Exclusive First Listen: New Lost City Ramblers
At a time of modern American music commemorations — the 40th anniversary of Woodstock, the 50th anniversary of the Newport Folk Festival — it's easy for some milestones to go unnoticed, even though they're an essential part of the narrative. Last year marked the 50th anniversary of folk music revivalists The New Lost City Ramblers, who introduced a swath of American music traditions to new audiences and preserved them for generations to come.
New York-area musicians Mike Seeger, John Cohen and Tom Paley (replaced in 1962 by Tracy Schwarz) formed the Ramblers in 1958. What differentiated the Ramblers from the commercial folk groups was their interest in its origins. They were tireless chroniclers and ambassadors of vernacular music, the blues, bluegrass and Cajun music of rural America. Before he joined the Ramblers, Seeger had already recorded an anthology of banjo music and captured field recordings of artists such as Dock Boggs and The Lilly Brothers. Cohen traveled eastern Kentucky and brought back audio and film recordings of Roscoe Holcomb. Schwarz, after an inspiring meeting with Louisiana's Dewey Balfa, went on to release instructional records of Cajun fiddle and accordion.
As performers, they emulated their sources with joy, respect and expert instrumentation. Their genuine old-time syntax revitalized young urban audiences tired of commercialized pop, and influenced other musicians: Bob Dylan, The Grateful Dead, Ry Cooder and Jeff Tweedy have all cited the Ramblers as a source of inspiration.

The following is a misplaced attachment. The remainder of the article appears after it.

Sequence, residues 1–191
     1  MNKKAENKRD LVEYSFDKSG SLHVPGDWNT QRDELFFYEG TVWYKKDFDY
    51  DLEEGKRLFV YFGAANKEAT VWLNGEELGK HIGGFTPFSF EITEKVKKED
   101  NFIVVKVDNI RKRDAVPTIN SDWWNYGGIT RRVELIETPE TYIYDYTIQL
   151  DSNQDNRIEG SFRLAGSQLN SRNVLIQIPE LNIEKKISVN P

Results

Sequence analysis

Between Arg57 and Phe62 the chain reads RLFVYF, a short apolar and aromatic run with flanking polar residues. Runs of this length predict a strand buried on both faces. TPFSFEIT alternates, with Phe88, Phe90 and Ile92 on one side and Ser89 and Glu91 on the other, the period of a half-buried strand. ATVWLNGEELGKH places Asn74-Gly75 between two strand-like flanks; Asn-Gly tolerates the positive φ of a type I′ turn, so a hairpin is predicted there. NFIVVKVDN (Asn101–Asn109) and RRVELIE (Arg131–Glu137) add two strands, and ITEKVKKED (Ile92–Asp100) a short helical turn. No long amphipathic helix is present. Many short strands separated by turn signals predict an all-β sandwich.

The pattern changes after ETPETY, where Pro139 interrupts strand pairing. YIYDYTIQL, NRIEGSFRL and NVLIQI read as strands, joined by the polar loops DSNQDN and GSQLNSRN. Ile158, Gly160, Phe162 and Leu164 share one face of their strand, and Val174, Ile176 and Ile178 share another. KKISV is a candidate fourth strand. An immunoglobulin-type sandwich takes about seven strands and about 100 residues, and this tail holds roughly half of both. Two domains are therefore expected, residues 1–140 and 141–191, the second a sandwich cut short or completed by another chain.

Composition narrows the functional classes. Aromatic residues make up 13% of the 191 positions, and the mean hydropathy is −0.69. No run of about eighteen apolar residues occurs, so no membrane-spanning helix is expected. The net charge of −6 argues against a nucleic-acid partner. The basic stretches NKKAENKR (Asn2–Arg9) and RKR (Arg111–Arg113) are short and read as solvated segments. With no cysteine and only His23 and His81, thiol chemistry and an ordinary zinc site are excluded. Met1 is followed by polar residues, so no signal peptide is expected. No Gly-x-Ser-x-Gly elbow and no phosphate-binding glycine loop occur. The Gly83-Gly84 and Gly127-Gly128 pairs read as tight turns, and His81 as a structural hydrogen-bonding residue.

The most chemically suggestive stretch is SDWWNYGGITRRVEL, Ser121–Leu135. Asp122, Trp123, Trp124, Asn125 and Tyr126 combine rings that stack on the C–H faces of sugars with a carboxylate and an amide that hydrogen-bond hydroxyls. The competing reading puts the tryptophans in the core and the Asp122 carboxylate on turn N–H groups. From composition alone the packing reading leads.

Smithsonian Folkways Recordings celebrates 50 years of The New Lost City Ramblers with Where Do You Come From? Where Do You Go? — a three-disc box set of core performances and field recordings. The set will be released Aug. 25, 2009, but with Mike Seeger's recent passing on Aug. 7, it takes unexpected meaning as a tribute to his personal legacy.
We are proud to offer the entire first disc of the trilogy, featuring 26 songs by the original lineup, culled from 12 albums recorded for Folkways Records between 1958 and 1962. And in the inquisitive and didactic spirit of the Ramblers, we include the extensive liner notes with essays and detailed track annotations. It is an invitation to explore further the New Lost City Ramblers catalog, the heart and history of traditional American music and the multitude of voices who contributed to its sound — voices that may have never been heard had the band not picked up its tape recorders and instruments.
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